• Hardcover: 400 pages
• Publisher: William Morrow (February 9, 2016)
For fans of J. Courtney Sullivan, Meg Wolitzer, Claire Messud, and Emma Straub, a gorgeous and absorbing novel of a trio of confused souls struggling to find themselves and the way forward in their lives, set against the spectacular backdrop of contemporary New York City.
Set in the most magical parts of Manhattan—the Upper West Side, Central Park, Greenwich Village—The Ramblers explores the lives of three lost souls, bound together by friendship and family. During the course of one fateful Thanksgiving week, a time when emotions run high and being with family can be a mixed blessing, Rowley’s sharply defined characters explore the moments when decisions are deliberately made, choices accepted, and pasts reconciled.
Clio Marsh, whose bird-watching walks through Central Park are mentioned in New York Magazine, is taking her first tentative steps towards a relationship while also looking back to the secrets of her broken childhood. Her best friend, Smith Anderson, the seemingly-perfect daughter of one of New York’s wealthiest families, organizes the lives of others as her own has fallen apart. And Tate Pennington has returned to the city, heartbroken but determined to move ahead with his artistic dreams.
Rambling through the emotional chaos of their lives, this trio learns to let go of the past, to make room for the future and the uncertainty and promise that it holds. The Ramblers is a love letter to New York City—an accomplished, sumptuous novel about fate, loss, hope, birds, friendship, love, the wonders of the natural world and the mysteries of the human spirit.
Clio is finally happy. She has Henry, an older, loving, hotel entrepreneur who adores Clio. She has a career as an ornithologist fulfills her. And she has friends who love her. Her life wasn't always like this. She felt invisible and vulnerable for a long time. She harbors a secret from Henry that she worries will come out. If he sees her for who she really is will he accept her or run away?
Smith does her best not to lose it. She can't help but feel overwhelmed and envious of her little sister's wedding when that should have been her a year ago. Although still dealing with her broken heart she still tries to be the perfect daughter. In reality, she feels she could never be that person and it weighs on her. Then comes along Tate who is going through a divorce. He went to Yale with her but they never really spoke to each other. All of a sudden she's revealing a hidden secret only her best friend Clio knows. Why she has opened up to him she doesn't know. All she hopes is that she won't be left broken hearted once again.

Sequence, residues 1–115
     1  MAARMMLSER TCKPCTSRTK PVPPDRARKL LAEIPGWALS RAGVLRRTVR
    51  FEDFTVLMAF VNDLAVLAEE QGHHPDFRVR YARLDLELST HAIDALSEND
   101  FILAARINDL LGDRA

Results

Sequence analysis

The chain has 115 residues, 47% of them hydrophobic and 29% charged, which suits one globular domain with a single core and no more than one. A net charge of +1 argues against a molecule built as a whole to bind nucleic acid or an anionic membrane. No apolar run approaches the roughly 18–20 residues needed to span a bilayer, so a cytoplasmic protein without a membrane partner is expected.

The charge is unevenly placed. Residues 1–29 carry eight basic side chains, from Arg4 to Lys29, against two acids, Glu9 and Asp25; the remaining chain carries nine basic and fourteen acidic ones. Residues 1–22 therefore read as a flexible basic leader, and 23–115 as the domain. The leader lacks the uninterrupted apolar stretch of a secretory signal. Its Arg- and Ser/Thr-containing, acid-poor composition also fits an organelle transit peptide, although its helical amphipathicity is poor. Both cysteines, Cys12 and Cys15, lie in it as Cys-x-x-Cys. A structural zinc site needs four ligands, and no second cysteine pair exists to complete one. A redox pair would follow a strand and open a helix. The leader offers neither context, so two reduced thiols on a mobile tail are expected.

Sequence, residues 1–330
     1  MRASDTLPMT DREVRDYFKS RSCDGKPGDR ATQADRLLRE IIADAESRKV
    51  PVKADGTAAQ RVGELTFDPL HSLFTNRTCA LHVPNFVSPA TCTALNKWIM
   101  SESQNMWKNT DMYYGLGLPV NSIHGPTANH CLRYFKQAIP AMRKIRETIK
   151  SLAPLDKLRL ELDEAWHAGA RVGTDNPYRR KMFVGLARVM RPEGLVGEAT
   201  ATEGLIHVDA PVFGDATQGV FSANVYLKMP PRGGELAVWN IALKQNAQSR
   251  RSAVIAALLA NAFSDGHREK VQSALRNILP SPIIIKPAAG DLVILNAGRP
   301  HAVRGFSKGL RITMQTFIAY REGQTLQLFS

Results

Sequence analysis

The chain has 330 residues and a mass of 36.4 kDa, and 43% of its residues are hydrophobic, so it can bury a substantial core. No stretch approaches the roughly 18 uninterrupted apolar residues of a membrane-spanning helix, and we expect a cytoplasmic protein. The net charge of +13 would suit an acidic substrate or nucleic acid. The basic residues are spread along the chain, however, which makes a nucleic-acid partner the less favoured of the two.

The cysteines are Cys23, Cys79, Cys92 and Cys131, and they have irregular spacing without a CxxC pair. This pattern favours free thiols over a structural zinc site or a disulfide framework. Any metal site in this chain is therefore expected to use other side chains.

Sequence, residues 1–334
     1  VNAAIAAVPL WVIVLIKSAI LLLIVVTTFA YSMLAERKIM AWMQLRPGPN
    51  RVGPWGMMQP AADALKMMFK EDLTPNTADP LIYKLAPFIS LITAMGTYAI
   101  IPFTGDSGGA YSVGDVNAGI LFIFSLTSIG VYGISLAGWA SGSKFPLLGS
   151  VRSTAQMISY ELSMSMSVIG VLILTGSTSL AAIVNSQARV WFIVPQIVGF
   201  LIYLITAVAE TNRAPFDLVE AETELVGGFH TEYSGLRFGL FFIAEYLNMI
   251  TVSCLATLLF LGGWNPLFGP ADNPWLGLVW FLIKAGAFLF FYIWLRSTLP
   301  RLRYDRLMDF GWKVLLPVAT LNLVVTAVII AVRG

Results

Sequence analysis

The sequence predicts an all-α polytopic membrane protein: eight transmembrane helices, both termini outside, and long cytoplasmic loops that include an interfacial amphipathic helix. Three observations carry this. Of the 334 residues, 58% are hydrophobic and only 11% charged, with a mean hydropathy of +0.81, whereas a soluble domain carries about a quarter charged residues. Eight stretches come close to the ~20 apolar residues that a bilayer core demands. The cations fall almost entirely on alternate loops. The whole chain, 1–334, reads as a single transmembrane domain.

The Ramblers is a three person POV. I know some people don't tend to like books with multiple POV's but I love them especially if they work as well as The Ramblers. I really liked Clio more than any of the other characters just because I felt I could empathize with her more emotionally. Her mother was dealing with a mental illness all of her life and it wasn't really addressed within the family. Her father is a quiet sort of man and they have been strained since her mother died a year ago. When Clio described what it was like to live with her mother I couldn't help but feel sorry for her. It's really hard seeing a parent go through something and not understanding what's happening until you are older. Her story gave a glimpse of what it was like to have a parent with a mental illness and how it affects everyone around them.
Clio was genuine and kind. She was so afraid too. Afraid that she would lose a guy she never thought she could love so much. I understood her hesitancy and found her story to be very rewarding. Her best friend Smith, on the other hand, took me a moment to warm up to. I just didn't like that she was clearly jealous of her sister. When I found out the details of what happened with her ex then I really started to understand and appreciate her. I mean it does really suck to have family members think that the person you loved for so long really didn't mean anything. Her father particularly drove me nuts with his rudeness towards Smith's former relationship. He also wasn't very nice about her career aspirations. He's that typical rich guy who frowns on those who have less than him or don't 100% agree with him. So I could understand why Smith felt lost and couldn't really see her worth at times.
Tate is that oh so special guy that Smith opens up to. Tate's divorce is pretty difficult on him but then through all of that he finds Smith. He never wanted to get into a relationship so fast but with Smith, it feels different. He can't figure her out and she's so beautiful because of that. I liked that he was not like Smith's father at all. Basically, that was the standard he had to pass after I met her father and he succeeded in that.
There's one minor thing that I didn't think was particularly necessary which was all the sexual moments that were kind of crude to me but other readers might enjoy that aspect. Otherwise, I enjoyed how each story came together. I enjoyed getting to know Clio, Smith, and Tate and seeing where their journey took them. I'm really happy with how everything turned out and kind of wish I had a glimpse of their future to see how they are all doing.
Born and raised in New York City, Aidan Donnelley Rowley is a graduate of Yale University and Columbia Law School, but her dream (long unconscious) was always to write. She is the author of a novel, Life After Yes; blogs at IvyLeagueInsecurities.com; contributes to The Huffington Post; and is the founder and curator of the popular Happier Hours Literary Salons. The middle of five sisters, she lives in New York with her husband and three young daughters.
Find Aidan on Twitter, Facebook, and Instagram.
Thanks to TLC Book Tours and William Morrow for providing me The Ramblers in exchange for an honest review!